Finding the time to stay fit can be challenging in the best of times. Between work, running a home, and having a family, it takes focus and commitment to find the time to work out. Yet, there’s no denying the rewards of doing so. Being physically fit impacts every area of your life – it lowers your risk of disease, keeps you strong and functional, and even enhances your mental health. So many good things arise from regular physical activity
Unfortunately, many things can happen in life that makes it hard to stay on course with an exercise program – a death in the family, family illness, a challenging new job, romantic breakups, and moving to a new house or a new area. When these challenges enter your life, it’s easy to put your fitness goals aside and take a break from working out with a promise that you’ll “get back to it” as soon as you can.
If there’s a lot going on in your life, you might need a short break, depending upon the degree of challenge you’re facing, but the sooner you can get back to working out the better for your physical and mental health. Exercise is usually one of the first things that takes a back seat when the going gets rough. Yet, it doesn’t have to go that way.
Need some guidance on how to stay on track when life throws you a curve ball? Here are some tips to keep you on track even when you’re ready to throw in the towel.
Stay On Course: Exercise in the Morning
Don’t be too quick to abandon your exercise program. During times of challenge and crisis, it’s comforting to have a routine and a way to escape the madness for a while. If you work out at home, you’re at an advantage because you don’t have to travel anywhere. This means there are fewer obstacles between you and an effective workout.
One of the best times to exercise when you’re pressed for time is first thing in the morning. Getting up a little earlier, even when it’s still dark outside, to fit in a 30-minute workout, means you’re more likely to get it done. Plus, there’s another benefit to exercising in the morning. A study showed that morning workouts may help you sleep better at night. You need rejuvenating sleep when you’re under stress.
Stay On Course: Do Shorter, More Efficient Workouts
Don’t get into the “all or none” mindset, the old “I have to do 45 minutes” way of thinking. Any exercise is better than none at all. You can pack a lot of fitness benefits into a 20-minute workout when you do high-intensity interval training or a circuit workout. Research shows you can even get health benefits from a 10-minute sweat session. The key is to work out at a high intensity. A HIIT workout, a Tabata session, or a circuit workout using weights is time efficient and effective.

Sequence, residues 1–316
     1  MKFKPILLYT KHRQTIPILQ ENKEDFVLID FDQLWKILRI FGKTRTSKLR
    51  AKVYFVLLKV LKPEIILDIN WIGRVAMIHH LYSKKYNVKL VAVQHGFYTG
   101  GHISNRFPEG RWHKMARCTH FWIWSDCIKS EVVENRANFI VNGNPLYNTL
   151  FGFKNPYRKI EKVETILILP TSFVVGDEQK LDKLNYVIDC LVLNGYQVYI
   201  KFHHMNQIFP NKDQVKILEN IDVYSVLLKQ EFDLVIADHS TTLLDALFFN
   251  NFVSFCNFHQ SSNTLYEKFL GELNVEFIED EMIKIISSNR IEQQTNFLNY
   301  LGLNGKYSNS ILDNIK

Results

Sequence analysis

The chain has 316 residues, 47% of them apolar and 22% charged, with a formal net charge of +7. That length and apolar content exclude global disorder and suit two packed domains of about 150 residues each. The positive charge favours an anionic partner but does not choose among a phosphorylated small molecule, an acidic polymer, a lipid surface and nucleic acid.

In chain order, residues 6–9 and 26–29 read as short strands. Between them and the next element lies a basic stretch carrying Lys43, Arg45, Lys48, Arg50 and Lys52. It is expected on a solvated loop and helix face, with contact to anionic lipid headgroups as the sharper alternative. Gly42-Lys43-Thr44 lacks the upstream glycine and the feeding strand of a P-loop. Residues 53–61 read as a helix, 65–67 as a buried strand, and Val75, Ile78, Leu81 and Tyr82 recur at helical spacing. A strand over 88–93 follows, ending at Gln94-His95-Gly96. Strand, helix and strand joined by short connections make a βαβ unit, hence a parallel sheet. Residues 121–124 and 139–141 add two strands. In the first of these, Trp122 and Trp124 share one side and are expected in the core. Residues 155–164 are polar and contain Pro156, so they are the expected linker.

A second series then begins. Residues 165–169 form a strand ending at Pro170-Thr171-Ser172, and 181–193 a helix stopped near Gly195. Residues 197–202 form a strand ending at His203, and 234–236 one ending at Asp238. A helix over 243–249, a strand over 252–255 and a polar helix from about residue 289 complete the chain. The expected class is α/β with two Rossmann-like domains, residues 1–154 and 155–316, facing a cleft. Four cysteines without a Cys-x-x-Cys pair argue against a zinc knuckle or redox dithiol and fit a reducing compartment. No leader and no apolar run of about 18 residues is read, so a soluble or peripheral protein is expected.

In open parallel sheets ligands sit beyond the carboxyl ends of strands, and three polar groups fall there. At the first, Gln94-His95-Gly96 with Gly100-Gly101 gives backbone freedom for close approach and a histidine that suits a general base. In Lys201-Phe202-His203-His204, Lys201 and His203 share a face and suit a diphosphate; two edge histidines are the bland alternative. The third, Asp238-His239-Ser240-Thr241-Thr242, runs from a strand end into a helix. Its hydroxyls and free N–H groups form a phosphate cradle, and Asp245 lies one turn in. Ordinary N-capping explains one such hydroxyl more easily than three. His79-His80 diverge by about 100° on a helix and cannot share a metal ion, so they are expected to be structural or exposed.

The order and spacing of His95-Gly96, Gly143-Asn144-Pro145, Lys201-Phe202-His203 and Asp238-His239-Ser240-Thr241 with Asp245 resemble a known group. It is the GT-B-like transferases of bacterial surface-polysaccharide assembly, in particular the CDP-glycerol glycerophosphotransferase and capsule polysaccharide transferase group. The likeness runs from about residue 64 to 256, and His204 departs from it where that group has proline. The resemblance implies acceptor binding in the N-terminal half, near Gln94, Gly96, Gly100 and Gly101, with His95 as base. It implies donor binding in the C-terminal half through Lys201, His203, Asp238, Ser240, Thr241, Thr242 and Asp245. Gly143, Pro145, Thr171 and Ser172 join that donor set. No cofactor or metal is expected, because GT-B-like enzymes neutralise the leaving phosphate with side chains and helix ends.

You can also do more than one 10-minute session if time allows, one when you wake up and one later in the day. The key is to fit them in around your obligations and schedule. When you know you only have to work out for 10 minutes, it becomes easier to find time to do it.
Stay On Course: Add Yoga to the Mix
If you’re stressed out or grieving over something you have no control over, yoga may be just what you need to relax your mind and body. Don’t abandon high-intensity workouts but balance them with relaxing yoga sessions. Research shows yoga is an effective stress reliever and has a calming effect. Plus, yoga has other benefits such as improving flexibility and balance. If you do power yoga, it’ll help preserve your strength when you have less time to lift weights. Exercise isn’t just about burning calories and getting a firm physique, it’s about improving your physical and mental health as well. You need that when life throws you challenges.
Stay On Course: Realize that Exercise Makes You More Resilient and Better Able to Handle Challenges
Don’t forget – when you have other things to deal with and feel stressed out is when you most need the mental release that exercise provides. Exercise lowers the level of stress hormones, like norepinephrine, adrenaline, and cortisol and alters the levels of brain chemicals, like serotonin and dopamine that affect your mood. Plus, exercise also boosts the release of stress-relieving chemicals called endorphins that also help reduce physical pain. In fact, research shows that exercise can be a coping tool and help you deal with tough times and circumstances that come your way.
Whether you’re dealing with a challenge like a stressful new job or something that hits closer to home, like a death or illness in the family, exercise helps you cope with the mental and physical challenges you might be confronting. Exercise gives you the resiliency you need to get through hard times. Plus, it gives you a sense of control, something you need when things around you are in chaos.
Stay On Course: Mind Your Overall Health
If you have less time to exercise, make sure you’re not letting stress turn you into a nibbler. During challenging times, we sometimes use food as a source of comfort. Any exercise you can do helps alleviate stress and helps you avoid turning eating into a stress-relieving activity.
The Bottom Line
Things happen that can make it harder to stick to your fitness goals, but even if you have to reduce the amount of time you exercise, you need the benefits that exercise offers more than ever. Shorten your workouts, if necessary, but make sure you’re still carving out time for exercise, even if it’s 10 minutes first thing in the morning. Exercise not only enhances your physical health – it’s a mental health booster as well and can help you better cope with tough times.
NBC News. “Morning Exercise May Help Sleep”
Science Alert. “Just 1 minute of intense exercise rivals the benefits of a 45-minute workout”
A Woman’s Health. “10-Minute Workouts, Three Times a Day for Better Health”
Medicine and Science in Sports and Exercise. 2012; 44(12): 2270-2276.
Mayo Clinic “Yoga: Fight stress and find serenity”
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